Daily Bulletin

Food & Dining

  • Written by News Co

Lagavulin distillery is based on the Scottish island of Islay.

The Ardbeg Whiskey is from the Ardbeg Distillery on the same south of Islay Island in Scotland It sits right on the waterfront.

Both distilleries have won awards. The Ardbeg Distilleries have won World Whiskey of year, Scotch Whiskey of year, and World’s best single malt. Lagavulin has won the best single malt scotch 10 years or under by Jim Murray’s Whiskey Bible.

Both Ardbeg and Lagavulin whiskeys use barley smoked with local peat which is not found anywhere else.

One Lagavulin whiskey is an Offerman offering, named after an actor on a television series in Scotland who shows this distillery in episodes of his show. He states that Lagavulin is his favorite whiskey. This whiskey with a dram of water added brings out the rich peat aroma. Barley is dried over a peat fire, the peat used found only on the Island of Islay and giving the whiskey the rich smoked peat flavor. Lagavulin has been aged 11 years in oak rejuvenated casks. Over the years, Nick Offerman became friends at the distillery and even featured this whiskey on another television show, a whiskey lover's favorite program.

That led to the partnership for the limited offering of the Offerman Lagavulin whiskey. This aged 11 years. This offering relates to the Lagavulin line by its enhanced peaty taste melded with strong fruity flavors of smokey peat.

This whiskey has been aged in refilled caskets imbued with the whiskey aged earlier. The barrels, already seasoned due to being soaked with flavor, will not absorb this whiskey flavor, but the whiskey will hold the proper fruity and peat flavors. This whiskey holds a high 46% ABV.

 Ardbeg is an Islay single malted scotch whiskey. The whiskey is aged 10 years in the barrel. It is an entry-level single malt embracing the peat flavor with a blooming complete flavor.

 

Lagavulin

 Colour: deep gold

 

Ardbeg

 Colour: Gold Straw

 Lagavulin

 Nose: Smokey green apples and the smell of dock followed by berries cooking on the stove with spices floating in the air.

 

Ardbeg

 Nose: The peat has been smoked to give it a strong, fruity nose. A wisp of lemon-lime comes through with chocolate behind that. Another reviewer got coal, caramac bars, with a mild, soapy note, and a final taste of pepper and chili.

 Lagavulin

 Body: A taste of smoking peat assaults your tongue. That opens up flavors of berries and other mild fruit. Rich and bold.

Ardbeg

 Body: Cool menthol flavor with black pepper pushes through the peat, smoked flavor. The feel of dockside lines and fir smoked fish. Alongside are the flavors edging in of green bell peppers and baked pineapple infused with pear juice.

 Lagavulin

 Finish: The liquid is swallowed and what is left is that peat feel lasting and lasting.

Ardbeg

 Finish: endures-lasting and lasting first of tarry espresso, then, licorice, almonds, and a slight taste of barley and smoked peat.

Lagavulin

 Palate: Unexpected sweet lingering flavor with a bit of salt and smoky peat.

Ardbeg

 Palate: begins soft and gentle peat on the palate, followed by lemon-lime and spices. The taste of ocean fish comes through. Lastly comes a bit of sweetness from toffee that hangs on giving it a good balance. A burst of peat comes forward, hanging on to the lingering taste.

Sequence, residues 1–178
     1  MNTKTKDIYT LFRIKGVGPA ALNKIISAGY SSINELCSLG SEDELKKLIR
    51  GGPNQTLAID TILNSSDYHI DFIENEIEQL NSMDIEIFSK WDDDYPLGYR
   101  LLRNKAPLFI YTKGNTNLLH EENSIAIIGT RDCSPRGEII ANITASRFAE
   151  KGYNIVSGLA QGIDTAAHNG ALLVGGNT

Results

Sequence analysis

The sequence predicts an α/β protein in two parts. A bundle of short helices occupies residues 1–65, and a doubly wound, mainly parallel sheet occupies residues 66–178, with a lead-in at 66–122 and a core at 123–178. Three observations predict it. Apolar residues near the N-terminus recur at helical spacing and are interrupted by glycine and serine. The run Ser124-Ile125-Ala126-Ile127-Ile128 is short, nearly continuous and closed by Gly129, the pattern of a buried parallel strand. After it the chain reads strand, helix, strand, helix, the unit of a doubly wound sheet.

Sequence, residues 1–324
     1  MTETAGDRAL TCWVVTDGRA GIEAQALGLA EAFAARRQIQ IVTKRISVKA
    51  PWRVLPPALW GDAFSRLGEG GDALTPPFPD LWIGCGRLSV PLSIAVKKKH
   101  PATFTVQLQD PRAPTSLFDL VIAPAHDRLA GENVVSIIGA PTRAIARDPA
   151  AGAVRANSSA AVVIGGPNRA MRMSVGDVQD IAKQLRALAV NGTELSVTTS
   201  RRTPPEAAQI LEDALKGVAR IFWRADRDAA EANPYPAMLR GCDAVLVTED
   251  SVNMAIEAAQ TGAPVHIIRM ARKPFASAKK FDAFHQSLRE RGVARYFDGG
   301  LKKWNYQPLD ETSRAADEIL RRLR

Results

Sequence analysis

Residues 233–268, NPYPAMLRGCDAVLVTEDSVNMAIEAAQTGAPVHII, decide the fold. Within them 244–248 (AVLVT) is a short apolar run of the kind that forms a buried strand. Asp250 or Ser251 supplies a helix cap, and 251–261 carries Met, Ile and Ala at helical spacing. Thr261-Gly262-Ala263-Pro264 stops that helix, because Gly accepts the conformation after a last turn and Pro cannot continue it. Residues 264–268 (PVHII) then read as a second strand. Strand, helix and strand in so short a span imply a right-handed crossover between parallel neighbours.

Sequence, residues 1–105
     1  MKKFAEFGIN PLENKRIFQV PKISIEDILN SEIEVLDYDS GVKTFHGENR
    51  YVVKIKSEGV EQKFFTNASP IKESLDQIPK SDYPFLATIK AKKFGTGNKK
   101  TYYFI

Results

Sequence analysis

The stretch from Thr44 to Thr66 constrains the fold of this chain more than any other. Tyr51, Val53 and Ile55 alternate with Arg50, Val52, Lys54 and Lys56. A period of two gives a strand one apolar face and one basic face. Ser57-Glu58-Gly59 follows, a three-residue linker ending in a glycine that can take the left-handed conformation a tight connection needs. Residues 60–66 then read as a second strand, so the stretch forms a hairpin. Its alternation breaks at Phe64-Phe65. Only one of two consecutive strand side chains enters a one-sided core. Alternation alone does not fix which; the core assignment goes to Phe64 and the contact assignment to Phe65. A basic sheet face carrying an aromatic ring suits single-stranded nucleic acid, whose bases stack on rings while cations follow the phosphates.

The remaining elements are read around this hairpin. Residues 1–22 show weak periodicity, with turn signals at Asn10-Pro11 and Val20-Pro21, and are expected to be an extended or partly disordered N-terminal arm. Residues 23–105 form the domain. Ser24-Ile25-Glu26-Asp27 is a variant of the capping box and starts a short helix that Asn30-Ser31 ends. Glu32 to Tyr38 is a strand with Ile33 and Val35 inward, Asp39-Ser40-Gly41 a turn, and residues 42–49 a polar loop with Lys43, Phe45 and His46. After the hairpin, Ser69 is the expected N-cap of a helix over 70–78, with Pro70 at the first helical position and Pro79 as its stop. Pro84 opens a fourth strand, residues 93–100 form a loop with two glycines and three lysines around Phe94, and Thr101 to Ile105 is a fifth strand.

Lagavulin

 Finish: smoldering peat taste that leaves a taste of outside fires with the smoke wisping around everywhere in the wind.

Ardbeg

 Finish: Has lasting and mellow flavor with smokey peat feel and a bit of lingering black pepper. Yet, it is soft.

Histories

 Lagavulin: Of the two whiskeys, Lagaluvin is the more expensive. It is sold mostly in Australia through the Whiskey club and in the United States.

 This distillery has defied the odds to stay in business for 203 years while so many others closed for a time and changed owners constantly. Now the distillery is fighting to keep up with demands for their 16 years in casket liquor. This Offerman Offering is currently more expensive than the Ardbeg.

 Back in 1836 one of those heritage troubles arose when it was discovered that Walter Campbell owned many of the buildings. The distillery cost two operating spots and they were now merged into one and bought by Alexander Graham who left it to his son. In 1862 the distillery went into the ownership of James L. Mackie who was a gifted whiskey blender, in partnership with Captain Graham, a surviving member of the family. His nephew came next, with an energetic outlook. Peter was like he had a motor that took off when his uncle died and he took over.

 Peter introduced the White Horse blend in 1860. He also owned another distillery in Speyside and being a bouncing type of guy made progress. He was knighted. He then founded the Laphroaig that wasn’t anything like the two former stars of the distillery. It was a success and the liquor continued until 1962. It was now the Whitehorse Distillery. This became the Distillers Co. and by now was quite large. They began having the shipping of supplies and products done by someone else.

 That led to hiring the work out to someone else in 1974 and they now have the malting hired out.

 In 1948 they had a serious fire. They quickly rebuilt and became popular in the world, winning awards.

 Ardbeg:

 Ardbeg liquor uses heavily smoked peat barley. They then cast it in ex-bourbon barrels. When the whiskey goes to bottle its ABV is 46%.

 Comparing Laphroaig Ardbeg, Ardbeg’s smoky aroma and taste beats out Laphroaig more oceanic and dockside salty air feel. The argument is between the peat used by either of them and the manner of smoking. Because Ardbeg did not have a fan in the roof, it resulted in a tarry peat taste. This is no longer so and what is left is the tail end of the old crop in barrels. 

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